I understood that I was before the Throne of God, at the knee of my Heavenly Father. Just a couple of hours before (and a couple of years before this posting), I had been prayed over to receive the Holy Spirit by my parish youth minister, who assigned me as youth group intercessor, or as she called it, “prayer ninja.” Now I was at home, my kids and my husband asleep.
I was at home, but as I prayed, I had the distinct understanding that I was also in Heaven before the Lord. I don’t have many visions, so I can’t say what He or His throne or Heaven looked like in this experience. But I felt peaceful. I felt small, like a little child. I felt loved. And then I heard something in my heart. He introduced Himself.
“I imagined you.”
That was all He said. Three words. But it was so much to take in. “I imagined you.” Those three words brought up a vast number of thoughts.
The word “imagined” struck me in a deep way. I’m a writer by training and by trade. I have a degree in broadcast journalism. I have written for newspapers, radio stations, a TV station, a preschool, a retreat program and now a blog. Word choice really counts when you are a writer. He could have said, “made.” He could have said, “constructed.” But He said, “imagined.”
I considered how I am also imaginative. I am often deep in thought, considering ideas. I ponder them, I toy them over, I explore options. There are some ideas I scrap. There are other ideas I keep. And I delight in them. When I start to work on them, I am excited, energized.
I thought of my Heavenly Father getting an idea in His head. And liking it. And carrying it out. To my surprise, that idea was me.
I compared His delight to my experience of life. As a kid, I wanted my hair to be straight, not curly and frizzy and “like carpet,” as one of the kids in elementary school told me. I didn’t like my freckles very much after someone told me it wasn’t nice for girls to have them. I was dismayed as a teen to find out my shape was like a pear, not a rectangle like the models in the magazines. I was an introvert when I was convinced the world favored extroverts. I thought of my laugh, which a person I cared about said was like a horse and my smile, which I was told is too big. Several people in my life have said I “think too much.”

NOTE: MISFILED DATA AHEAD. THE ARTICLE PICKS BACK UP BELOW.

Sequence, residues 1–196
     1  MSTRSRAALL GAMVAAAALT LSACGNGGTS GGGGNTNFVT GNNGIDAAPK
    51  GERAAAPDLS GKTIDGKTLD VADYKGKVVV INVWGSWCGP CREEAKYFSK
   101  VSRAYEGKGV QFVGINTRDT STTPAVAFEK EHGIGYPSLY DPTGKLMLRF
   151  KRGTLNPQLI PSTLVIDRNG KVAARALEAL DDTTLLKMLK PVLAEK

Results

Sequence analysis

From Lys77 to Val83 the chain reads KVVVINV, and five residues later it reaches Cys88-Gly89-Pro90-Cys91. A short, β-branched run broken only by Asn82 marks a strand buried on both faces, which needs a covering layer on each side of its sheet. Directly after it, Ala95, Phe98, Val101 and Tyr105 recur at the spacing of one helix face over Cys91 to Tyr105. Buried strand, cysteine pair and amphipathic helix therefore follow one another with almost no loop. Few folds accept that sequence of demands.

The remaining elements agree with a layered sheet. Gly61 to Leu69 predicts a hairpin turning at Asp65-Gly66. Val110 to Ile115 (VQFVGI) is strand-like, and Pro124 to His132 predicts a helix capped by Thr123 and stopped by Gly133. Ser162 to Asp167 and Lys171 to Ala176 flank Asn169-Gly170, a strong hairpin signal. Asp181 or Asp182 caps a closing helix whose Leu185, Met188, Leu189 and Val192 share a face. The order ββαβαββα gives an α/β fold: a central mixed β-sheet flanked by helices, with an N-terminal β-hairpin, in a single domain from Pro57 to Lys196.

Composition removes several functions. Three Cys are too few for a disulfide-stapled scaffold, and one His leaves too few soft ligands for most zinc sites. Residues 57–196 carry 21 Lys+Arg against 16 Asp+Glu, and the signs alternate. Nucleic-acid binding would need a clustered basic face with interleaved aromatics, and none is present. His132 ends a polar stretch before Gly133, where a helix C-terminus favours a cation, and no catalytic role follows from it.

But Father said He imagined me. I thought of Him before a desk and drawing up plans: “I’m going to make this one with curly hair and freckles. She’s going to be a pear shape, not like a rectangle. She’s going to laugh without holding back and smile that way too. She’s going to be an introvert, a contemplative. She’ll be imaginative, like me. What a great idea!”
All this I thought after His three-word introduction. “So,” I said before His throne, “that means I’m good, then?”
This stood in stark contrast to many tearful moments in my life. I thought about so many wasted hours I stared before the mirror and hated what I saw. I went into many fitting rooms to try on clothes only to despair because I wanted to be rectangular, not a pear. Instead of loving myself and my neighbors, I compared myself to them and decided I was less. I was sure on so many wasted days that I wasn’t good. And now I was being told that I certainly was.
“I imagined you.” He said that with authority. By what authority can someone say that I am not good? By what authority can I say I am not good? The One who thought of me and put me together has just said otherwise.
Before God’s throne, I thought of how I scrap the ideas I don’t like. I don’t carry them out. The Father thought of me and then He made me. He delighted in curly hair and freckles and hips and introversion and contemplation. I was a good idea.
I thought of the Father’s joy in making me. I felt His delight, His purpose, His relishing in this good idea that He carried out. What does it mean now to look in the mirror? What does it mean when I hear someone tell me something they don’t like about me? What does it mean when I start to get frustrated that I am not like someone I else?
It might take the rest of my earthly experience, but because of His authority in judging the thing that He made, my job is to conform myself to His joy, to agree that I was a good idea.
Genesis 1:31 God looked at everything he had made, and found it very good.